Farmers and bees are partners in supporting modern, production agriculture. The world counts on both to produce the food and products that are at the center of our way of life in North America and beyond. That’s why the Honey Bee Health Coalition is working across sectors to develop the tools and resources farmers need to protect pollinators and ensure honey bees thrive in agricultural landscapes.
Read on to learn how the Coalition is engaging with soybean growers and certified crop advisers, accelerating critical research around varroacides, and supporting innovative research around honey bee nutrition.
Earlier this month at the Commodity Classic tradeshow in Anaheim, California, the Coalition unveiled a series of new best management practices for soybean growers to ensure they and honey bees can continue to work together to support healthy ecosystems and the crops consumers count on.
Pollinator habitat and the plants bees rely upon often border soybean fields throughout North America. Soybeans can be an attractive source of pollen and nectar under certain circumstances.
These voluntary best management practices — available at honeybeehealthcoalition.org/soybmps/ — complement information already available to growers, including mandatory pesticide label instructions and advisory warnings.
Investing in Varroacide Research, Testing
Left untreated, Varroa mites can quickly spread across a region and devastate honey bee colonies. With Varroa mites adapting to the treatments currently available, the Coalition is working with a wide array of public, private, and academic partners to explore potential new compounds to help beekeepers treat and control these destructive mites.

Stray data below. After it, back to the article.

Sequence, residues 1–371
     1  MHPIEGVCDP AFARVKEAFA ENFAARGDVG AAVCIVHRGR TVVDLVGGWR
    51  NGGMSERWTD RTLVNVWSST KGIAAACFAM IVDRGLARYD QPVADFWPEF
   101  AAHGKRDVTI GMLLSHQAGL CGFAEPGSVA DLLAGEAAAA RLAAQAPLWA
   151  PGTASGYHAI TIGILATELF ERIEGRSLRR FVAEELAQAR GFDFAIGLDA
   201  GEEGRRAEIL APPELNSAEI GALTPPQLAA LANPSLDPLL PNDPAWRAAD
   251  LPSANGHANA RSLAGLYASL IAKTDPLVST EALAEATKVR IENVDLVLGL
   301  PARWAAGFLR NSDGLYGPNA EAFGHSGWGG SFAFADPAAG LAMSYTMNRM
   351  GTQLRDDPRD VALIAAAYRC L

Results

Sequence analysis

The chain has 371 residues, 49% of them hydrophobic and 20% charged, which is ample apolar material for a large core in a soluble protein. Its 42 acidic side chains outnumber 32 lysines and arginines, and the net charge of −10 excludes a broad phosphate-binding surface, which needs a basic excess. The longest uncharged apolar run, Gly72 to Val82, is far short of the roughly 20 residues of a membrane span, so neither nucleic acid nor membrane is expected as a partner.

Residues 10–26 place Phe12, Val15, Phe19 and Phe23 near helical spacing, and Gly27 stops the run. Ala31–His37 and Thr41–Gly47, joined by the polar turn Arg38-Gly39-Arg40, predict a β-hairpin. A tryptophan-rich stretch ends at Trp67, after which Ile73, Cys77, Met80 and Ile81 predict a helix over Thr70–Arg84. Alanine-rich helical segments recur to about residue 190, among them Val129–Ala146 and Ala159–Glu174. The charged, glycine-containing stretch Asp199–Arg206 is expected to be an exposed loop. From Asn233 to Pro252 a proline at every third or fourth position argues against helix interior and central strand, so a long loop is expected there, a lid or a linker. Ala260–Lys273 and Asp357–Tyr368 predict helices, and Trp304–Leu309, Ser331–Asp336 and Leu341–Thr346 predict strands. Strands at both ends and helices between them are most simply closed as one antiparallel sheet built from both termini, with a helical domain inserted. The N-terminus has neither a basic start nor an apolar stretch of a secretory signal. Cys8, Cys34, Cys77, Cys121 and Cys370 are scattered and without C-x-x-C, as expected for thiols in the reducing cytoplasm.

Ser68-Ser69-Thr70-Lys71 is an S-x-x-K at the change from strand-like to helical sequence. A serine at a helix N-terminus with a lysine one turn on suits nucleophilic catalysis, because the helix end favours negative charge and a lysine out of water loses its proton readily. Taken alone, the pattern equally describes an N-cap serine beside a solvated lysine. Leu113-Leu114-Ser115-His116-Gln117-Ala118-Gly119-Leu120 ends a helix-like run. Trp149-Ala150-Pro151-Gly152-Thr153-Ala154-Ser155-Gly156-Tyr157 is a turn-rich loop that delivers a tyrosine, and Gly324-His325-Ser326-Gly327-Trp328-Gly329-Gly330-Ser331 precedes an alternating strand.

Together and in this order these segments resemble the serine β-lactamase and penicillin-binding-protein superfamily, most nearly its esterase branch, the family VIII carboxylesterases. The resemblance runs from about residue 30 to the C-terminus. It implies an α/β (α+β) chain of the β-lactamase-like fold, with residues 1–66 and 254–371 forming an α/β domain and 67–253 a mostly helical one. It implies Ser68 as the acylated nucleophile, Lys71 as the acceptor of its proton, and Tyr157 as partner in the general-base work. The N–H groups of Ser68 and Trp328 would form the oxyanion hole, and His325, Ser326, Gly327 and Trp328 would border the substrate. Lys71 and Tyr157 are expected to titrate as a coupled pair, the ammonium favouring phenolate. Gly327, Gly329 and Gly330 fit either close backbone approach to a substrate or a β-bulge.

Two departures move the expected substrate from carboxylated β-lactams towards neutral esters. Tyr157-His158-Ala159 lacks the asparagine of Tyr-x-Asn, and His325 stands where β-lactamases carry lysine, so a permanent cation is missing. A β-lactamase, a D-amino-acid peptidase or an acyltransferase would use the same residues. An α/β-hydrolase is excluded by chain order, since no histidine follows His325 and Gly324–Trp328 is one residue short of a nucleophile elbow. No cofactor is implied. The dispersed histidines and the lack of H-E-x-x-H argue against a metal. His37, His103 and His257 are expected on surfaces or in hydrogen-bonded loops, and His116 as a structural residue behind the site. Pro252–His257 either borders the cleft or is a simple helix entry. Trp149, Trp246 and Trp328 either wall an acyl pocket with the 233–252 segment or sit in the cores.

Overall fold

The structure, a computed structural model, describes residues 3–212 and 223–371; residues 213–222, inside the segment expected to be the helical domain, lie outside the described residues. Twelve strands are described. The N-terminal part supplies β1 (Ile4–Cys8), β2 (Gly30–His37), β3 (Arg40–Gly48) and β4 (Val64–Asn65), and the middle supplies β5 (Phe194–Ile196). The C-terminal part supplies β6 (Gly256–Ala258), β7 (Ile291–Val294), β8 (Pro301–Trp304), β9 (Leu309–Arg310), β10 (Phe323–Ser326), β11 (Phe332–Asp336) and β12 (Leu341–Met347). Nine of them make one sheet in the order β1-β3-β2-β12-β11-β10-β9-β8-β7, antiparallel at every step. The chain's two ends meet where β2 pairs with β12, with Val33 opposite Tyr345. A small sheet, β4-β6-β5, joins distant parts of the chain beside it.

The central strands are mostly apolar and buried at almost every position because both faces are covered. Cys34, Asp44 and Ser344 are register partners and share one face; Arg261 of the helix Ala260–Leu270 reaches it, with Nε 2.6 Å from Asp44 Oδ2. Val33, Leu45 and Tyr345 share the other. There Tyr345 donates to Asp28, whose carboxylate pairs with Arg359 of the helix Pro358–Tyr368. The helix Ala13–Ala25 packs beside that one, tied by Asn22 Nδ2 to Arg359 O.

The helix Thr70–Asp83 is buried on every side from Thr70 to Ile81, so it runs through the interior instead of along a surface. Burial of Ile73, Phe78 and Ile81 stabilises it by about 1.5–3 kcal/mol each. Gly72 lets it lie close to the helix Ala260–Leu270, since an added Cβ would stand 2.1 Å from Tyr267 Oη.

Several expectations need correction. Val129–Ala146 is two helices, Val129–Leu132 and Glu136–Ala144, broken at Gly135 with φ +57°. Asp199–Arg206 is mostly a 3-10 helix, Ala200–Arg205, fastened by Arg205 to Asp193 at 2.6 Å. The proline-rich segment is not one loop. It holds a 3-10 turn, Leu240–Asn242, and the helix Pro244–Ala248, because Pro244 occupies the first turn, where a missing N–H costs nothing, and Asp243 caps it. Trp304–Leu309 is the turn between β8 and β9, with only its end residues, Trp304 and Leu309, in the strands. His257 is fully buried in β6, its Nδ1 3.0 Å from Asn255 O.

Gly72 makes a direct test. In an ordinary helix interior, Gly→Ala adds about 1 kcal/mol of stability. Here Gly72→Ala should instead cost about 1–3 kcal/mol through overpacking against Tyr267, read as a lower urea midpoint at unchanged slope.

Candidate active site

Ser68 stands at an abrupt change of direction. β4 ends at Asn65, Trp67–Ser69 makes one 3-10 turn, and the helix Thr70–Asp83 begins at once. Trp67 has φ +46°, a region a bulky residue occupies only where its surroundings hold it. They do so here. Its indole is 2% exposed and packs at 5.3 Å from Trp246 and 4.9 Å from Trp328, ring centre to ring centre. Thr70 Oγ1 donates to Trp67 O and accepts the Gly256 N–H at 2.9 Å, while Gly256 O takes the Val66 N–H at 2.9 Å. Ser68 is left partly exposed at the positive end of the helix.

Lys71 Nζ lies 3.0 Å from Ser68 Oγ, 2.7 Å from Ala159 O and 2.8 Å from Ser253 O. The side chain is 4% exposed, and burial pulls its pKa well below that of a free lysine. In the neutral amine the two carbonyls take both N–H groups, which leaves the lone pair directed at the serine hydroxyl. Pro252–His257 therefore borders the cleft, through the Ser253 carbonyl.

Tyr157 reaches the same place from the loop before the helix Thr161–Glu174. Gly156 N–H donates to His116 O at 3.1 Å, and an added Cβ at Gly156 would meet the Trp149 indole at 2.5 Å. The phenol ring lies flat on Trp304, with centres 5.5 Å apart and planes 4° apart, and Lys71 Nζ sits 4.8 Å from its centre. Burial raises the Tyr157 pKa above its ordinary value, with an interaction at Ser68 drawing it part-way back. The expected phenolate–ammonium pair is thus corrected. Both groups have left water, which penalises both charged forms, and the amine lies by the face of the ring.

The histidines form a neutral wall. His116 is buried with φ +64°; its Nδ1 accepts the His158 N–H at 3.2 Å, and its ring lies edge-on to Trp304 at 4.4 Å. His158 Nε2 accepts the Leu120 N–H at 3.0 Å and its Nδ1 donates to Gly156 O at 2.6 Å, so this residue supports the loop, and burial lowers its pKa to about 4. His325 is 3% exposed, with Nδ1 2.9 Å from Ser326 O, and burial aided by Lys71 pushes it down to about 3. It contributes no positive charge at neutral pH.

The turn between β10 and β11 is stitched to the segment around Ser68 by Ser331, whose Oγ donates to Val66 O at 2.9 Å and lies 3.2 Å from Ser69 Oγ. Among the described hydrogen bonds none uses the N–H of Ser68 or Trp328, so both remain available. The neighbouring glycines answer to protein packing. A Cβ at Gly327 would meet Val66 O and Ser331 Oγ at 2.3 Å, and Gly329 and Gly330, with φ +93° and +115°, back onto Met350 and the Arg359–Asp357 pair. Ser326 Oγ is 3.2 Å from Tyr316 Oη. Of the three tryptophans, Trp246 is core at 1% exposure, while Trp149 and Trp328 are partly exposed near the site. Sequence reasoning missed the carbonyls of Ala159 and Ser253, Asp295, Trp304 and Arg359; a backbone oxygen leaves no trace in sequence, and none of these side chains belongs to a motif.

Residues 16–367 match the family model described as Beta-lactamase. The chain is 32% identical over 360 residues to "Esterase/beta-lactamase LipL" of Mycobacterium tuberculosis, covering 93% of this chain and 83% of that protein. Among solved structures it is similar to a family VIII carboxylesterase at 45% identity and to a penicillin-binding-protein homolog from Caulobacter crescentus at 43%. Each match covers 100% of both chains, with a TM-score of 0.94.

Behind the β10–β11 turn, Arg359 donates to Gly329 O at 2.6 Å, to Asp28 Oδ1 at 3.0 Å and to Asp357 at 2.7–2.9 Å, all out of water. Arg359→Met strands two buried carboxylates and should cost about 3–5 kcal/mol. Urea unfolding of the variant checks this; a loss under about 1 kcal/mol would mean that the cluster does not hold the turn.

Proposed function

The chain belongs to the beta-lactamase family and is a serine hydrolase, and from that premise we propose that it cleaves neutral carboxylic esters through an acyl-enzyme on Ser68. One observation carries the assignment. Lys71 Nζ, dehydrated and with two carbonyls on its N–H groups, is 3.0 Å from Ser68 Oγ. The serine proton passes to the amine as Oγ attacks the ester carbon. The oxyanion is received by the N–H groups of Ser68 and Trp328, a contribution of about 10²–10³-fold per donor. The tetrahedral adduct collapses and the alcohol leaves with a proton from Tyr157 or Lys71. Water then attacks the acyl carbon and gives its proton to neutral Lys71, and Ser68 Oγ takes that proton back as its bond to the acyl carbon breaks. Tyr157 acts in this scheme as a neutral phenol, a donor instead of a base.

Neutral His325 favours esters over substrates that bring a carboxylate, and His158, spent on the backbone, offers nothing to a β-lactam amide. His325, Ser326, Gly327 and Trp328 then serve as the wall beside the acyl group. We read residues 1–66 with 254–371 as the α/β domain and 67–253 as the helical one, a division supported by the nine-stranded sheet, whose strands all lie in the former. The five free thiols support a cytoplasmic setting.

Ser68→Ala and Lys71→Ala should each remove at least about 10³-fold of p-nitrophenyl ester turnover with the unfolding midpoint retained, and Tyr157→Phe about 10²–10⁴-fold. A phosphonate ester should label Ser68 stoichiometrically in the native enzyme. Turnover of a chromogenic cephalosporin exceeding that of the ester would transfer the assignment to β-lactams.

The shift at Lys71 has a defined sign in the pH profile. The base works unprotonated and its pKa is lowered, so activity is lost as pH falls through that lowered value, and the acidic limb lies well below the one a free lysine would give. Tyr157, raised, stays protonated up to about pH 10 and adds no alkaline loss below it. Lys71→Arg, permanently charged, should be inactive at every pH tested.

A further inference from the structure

The Coalition announced earlier this month that it has secured a more than $475,000 grant from the Foundation for Food and Agriculture Research to facilitate the testing of chemical compounds that could help beekeepers more effectively treat Varroa mites. This grant, matched by participants and industry members to provide more than $1 million in total support, also will document how mites develop resistance to treatments.
The funding will support the identification, lab testing, and field testing over the next three years of “orphaned” chemical compounds that have known acaricidal (miticide) activity but have not been specifically tested against Varroa mites. Many of these compounds are trapped in a bottleneck where the costs of testing and commercializing them are too steep for testing, effectively leaving them on the shelf.
This collaborative effort is being championed by a diverse coalition of national and international public, private, and NGO organizations, including USDA-ARS, University of Nebraska, Alberta Agriculture and Forestry Department (Canada), University of Georgia, Universitat de València (Spain), Ohio State University, and Auburn University.
In addition to the grant funding, Project Apis m. provided financial support. Other organizations also have provided in-kind support, including bees from a number of regional beekeepers and compounds from Bayer.
Nutrition Winners ICYMI
In case you missed it, the Coalition selected four teams of researchers and innovators as the winners of the inaugural Bee Nutrition Challenge. The finalists and winners presented their ideas in a “Shark Tank”-style event at the 2018 American Bee Research Conference.